Business, How Tos

How To Stay On Task and Remain Focused

Staying on task is a skill that would benefit every single human being. No matter what you do for a living, being able to remain focused in stressful and busy periods is craft that many work towards but very few achieve.


We have been blessed with a quite brilliant brain, all humans that is. We as a species have developed our minds like a bodybuilder does their muscles. With this highly developed mind comes the ability to ponder and this often leads to the inability to concentrate. Long ago, before I started to make a conscious effort to focus, I would often lose at least ten minutes day dreaming before any task could begin (as you can see, I’m writing this article from experience). Focus has been something I’ve actively worked on since I realised it was going to be one of the most important skills for getting on in life. Looking back, most of my school reports read something like “Must show more concentration” or “needs to stop day dreaming”. If only I could talk to my younger self!


As I have gotten older, taken jobs, started business and written blog posts like you see on this site, focus is a skill that I have taught myself. It is still a work in progress and I can tell you now, if you don’t make deliberate actions to improve your focus levels you will never really master the act of attention.


Below is a list of a few things I have found that really improve focus. Like I say, I am still working on getting better at being a more focused person, but these six actions keep me on task 99% of the time.


Make your workspace a simple place to sit

This should be the first thing you do before any task begins. In my eyes it’s the most important factor in staying focused on any particular task.

Your workspace needs to be a comfortable and simple place to sit. Personally I think having your desk in front of a window can make it very difficult to concentrate, especially if you have a particularly nice view. Try and position your desk with as few distractions directly in front of you as possible.

Make sure your ergonomics are good. For example, your seat height isn’t going to hurt your back and your arm position is comfortable. These may seem like simple things but they all add up.

Keeping your desk clear of clutter and distractions will help direct your focus to what’s in front of you. Here is a picture of my desk at home. I do a lot of work from here and this is where most of my content writing is completed. The first thing you probably notice is the desk isn’t very big.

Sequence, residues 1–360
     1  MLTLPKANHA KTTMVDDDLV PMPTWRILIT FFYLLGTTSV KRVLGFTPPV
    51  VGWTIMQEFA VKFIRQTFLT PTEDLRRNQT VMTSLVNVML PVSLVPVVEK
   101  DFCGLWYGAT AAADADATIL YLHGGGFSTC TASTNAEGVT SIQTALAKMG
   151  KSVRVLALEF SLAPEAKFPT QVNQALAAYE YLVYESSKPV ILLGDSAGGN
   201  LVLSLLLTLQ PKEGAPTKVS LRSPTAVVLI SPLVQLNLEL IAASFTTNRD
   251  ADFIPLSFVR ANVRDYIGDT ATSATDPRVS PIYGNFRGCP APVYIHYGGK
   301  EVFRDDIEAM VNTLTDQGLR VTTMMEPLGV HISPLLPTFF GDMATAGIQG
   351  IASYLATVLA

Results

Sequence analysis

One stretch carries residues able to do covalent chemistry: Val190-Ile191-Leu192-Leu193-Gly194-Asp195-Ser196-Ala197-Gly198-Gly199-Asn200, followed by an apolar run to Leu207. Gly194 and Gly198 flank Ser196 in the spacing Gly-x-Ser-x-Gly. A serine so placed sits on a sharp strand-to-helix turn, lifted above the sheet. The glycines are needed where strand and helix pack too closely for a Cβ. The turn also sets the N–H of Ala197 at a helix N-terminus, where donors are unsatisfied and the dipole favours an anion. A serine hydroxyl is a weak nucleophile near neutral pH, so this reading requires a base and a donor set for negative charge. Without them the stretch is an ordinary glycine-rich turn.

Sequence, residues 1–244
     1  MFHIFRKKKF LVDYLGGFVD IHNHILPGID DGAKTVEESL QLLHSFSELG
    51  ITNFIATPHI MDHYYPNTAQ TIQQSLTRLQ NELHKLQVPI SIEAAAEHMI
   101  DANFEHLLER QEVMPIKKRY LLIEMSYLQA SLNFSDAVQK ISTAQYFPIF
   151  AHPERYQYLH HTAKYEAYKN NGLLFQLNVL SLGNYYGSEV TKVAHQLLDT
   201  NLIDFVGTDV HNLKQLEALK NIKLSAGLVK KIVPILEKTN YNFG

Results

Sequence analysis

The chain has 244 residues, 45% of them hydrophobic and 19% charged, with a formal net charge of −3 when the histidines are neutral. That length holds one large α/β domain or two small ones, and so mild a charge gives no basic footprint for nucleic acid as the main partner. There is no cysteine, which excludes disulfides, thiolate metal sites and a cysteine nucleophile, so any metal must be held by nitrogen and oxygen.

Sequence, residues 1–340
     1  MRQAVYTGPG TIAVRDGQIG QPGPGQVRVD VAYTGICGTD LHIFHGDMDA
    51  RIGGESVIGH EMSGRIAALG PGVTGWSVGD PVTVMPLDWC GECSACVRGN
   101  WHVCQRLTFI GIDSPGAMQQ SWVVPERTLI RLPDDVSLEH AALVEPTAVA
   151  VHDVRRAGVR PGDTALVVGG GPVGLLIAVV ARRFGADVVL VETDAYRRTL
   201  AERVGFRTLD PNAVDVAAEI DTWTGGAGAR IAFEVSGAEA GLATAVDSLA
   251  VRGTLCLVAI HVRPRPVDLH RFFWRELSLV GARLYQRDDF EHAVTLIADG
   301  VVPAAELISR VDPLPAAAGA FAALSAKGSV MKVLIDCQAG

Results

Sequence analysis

I can fit my laptop, mouse and a few pens on it, that’s all. There is no room for additional extras that might distract me.


Turn everything else off

I love my phone and my Ipad, they are so easy to pick up and use. Problem is, if you’re not careful you look up at the time and realise you have spent 25 minutes scrolling through your twitter feed.
Turn everything off! I don’t mean put it to one side, this is still a distraction and the second a hint of boredom sets in you will find yourself leaning over to check notifications. Turning the devices of will stop you looking at them, try it and see.


You can also switch of the Wi-Fi connection on your computer which will mean you won’t receive any notifications, emails or updates. This said, you may need to be online to complete certain tasks so having your computer or laptop connected might be something you have to do. Turn of the notification settings from social media platforms you are likely to receive updates from and disconnect your email. This may seem like a lot of effort but it’s worth it. One notification from Twitter could be enough to derail your efforts to focus on the task at hand.


Break tasks down into sections with milestones

Tasks themselves are often not as simple as heading toward one target. Take building a website for example. You have content curation, graphic design and theme choice to consider among just a few.